The next formal meeting will be held on Sunday February 26th at 4pm with Maggie in the chair.

Apologies if I’ve missed anything. Do let me know and I can make changes.

It’s celebration time in Hong Kong – the new lunar year started on Saturday (rooster) – so I’ll leave you by saying: Kung Hei Fat Choi and may this be a prosperous year for you all. 

Forget Your Perfect Offering Tags: copyright lyrics truth

YouTube video posted for informative purposes only. If it doesn't display for you use this link. https://youtu.be/m8KlYc0xG80

 

This is the song that began my foray into the pitfalls of using music lyrics in my writing.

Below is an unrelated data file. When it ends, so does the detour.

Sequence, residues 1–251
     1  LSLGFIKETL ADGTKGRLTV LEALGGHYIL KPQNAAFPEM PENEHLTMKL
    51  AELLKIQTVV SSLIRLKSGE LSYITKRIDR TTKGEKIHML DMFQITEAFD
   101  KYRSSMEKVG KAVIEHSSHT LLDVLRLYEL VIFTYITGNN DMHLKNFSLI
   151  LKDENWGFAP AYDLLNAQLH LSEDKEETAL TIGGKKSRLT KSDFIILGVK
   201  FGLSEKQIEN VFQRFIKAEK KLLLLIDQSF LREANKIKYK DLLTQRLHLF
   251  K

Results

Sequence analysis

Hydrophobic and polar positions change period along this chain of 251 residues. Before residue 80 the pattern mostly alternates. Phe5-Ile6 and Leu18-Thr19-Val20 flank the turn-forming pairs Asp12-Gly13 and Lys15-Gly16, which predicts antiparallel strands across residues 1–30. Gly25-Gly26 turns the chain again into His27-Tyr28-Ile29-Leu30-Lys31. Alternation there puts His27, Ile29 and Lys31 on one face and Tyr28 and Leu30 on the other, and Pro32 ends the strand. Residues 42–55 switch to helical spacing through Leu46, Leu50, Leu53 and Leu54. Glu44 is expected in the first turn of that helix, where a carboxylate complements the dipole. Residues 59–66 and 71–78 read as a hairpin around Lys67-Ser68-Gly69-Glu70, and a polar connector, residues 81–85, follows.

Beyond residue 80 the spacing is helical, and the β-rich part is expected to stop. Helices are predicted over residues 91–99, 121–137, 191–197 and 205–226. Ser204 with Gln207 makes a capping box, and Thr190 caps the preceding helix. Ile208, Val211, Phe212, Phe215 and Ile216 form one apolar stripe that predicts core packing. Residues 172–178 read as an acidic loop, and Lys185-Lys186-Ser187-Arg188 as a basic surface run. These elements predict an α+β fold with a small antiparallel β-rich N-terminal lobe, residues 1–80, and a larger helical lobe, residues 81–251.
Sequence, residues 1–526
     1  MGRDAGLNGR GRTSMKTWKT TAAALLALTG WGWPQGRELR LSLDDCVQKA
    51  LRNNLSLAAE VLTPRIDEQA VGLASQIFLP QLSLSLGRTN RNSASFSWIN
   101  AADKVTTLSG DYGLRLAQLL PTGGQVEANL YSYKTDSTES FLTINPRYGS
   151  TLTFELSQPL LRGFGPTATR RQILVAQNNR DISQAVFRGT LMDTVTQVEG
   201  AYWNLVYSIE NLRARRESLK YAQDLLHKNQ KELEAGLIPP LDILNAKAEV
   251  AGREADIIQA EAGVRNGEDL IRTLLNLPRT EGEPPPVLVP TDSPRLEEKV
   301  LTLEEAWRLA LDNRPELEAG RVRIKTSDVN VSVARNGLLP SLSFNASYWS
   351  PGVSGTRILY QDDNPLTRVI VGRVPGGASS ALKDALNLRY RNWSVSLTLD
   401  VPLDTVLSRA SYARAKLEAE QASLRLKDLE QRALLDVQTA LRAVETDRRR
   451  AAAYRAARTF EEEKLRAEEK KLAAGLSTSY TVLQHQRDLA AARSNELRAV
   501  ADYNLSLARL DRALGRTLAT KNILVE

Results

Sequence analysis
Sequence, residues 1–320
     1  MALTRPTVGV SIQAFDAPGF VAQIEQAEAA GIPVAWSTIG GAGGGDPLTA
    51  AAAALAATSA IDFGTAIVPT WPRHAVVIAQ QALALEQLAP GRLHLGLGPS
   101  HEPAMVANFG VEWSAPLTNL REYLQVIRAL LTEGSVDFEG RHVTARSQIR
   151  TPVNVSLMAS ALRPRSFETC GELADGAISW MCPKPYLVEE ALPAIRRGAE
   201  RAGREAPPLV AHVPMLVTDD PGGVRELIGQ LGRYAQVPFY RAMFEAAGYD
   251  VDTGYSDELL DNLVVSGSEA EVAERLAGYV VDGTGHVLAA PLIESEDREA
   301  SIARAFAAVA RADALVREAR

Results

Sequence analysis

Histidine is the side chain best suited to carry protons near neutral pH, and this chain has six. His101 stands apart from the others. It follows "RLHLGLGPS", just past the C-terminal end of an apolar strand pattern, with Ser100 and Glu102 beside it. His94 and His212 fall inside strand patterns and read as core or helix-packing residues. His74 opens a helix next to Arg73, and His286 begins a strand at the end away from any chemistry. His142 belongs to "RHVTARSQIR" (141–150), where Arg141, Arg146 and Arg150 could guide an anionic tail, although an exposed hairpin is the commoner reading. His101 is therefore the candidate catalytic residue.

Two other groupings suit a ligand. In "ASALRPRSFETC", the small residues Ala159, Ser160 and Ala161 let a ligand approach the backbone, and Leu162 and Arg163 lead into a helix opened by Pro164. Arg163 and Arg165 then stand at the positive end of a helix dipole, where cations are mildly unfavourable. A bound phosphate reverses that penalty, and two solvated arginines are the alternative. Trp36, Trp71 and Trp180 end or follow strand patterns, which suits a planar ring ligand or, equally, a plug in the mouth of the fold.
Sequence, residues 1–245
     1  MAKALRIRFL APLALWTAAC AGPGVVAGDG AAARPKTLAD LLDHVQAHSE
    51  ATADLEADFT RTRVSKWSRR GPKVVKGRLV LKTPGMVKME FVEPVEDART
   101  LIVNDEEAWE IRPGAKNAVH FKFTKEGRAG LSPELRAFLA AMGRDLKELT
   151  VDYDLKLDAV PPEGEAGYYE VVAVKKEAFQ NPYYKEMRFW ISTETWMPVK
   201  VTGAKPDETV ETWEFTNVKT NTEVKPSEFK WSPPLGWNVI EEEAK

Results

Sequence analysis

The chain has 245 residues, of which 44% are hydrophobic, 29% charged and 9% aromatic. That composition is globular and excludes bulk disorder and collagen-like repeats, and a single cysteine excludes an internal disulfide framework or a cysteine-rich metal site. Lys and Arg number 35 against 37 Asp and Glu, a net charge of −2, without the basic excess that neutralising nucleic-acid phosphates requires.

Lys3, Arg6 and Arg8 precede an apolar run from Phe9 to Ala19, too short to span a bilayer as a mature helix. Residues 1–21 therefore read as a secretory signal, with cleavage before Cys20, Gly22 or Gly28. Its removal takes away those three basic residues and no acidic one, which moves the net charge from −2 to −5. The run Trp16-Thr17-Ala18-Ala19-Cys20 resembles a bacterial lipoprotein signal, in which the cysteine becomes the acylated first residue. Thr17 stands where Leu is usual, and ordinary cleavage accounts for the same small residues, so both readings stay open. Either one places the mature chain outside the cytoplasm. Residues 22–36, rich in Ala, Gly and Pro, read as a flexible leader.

I began this blog intending to lift the lid and take a peek at music lyrics and copyright issues in our writing. This first cropped up for me last year when I, in my innocence, used threads of lyrics from Carole King’s Will You Still Love Me in my short memoirish story, Tonight’s the Night, soon to be released (minus the song lyrics) in an anthology by Bath Flash Fiction.

 

But you know me, I begin with one train of thought and then I begin to wander, and wonder. So I wondered how other authors, well known authors especially, deal with the issue.

 

The author who comes immediately to mind is Louise Penny, successful crime writer of the Inspector Gamache novels. http://www.louisepenny.com/index.html. Her 9th novel in the Gamache series is titled: ‘How the Light Gets In.’ Such a familiar line from the Leonard Cohen song, Anthem.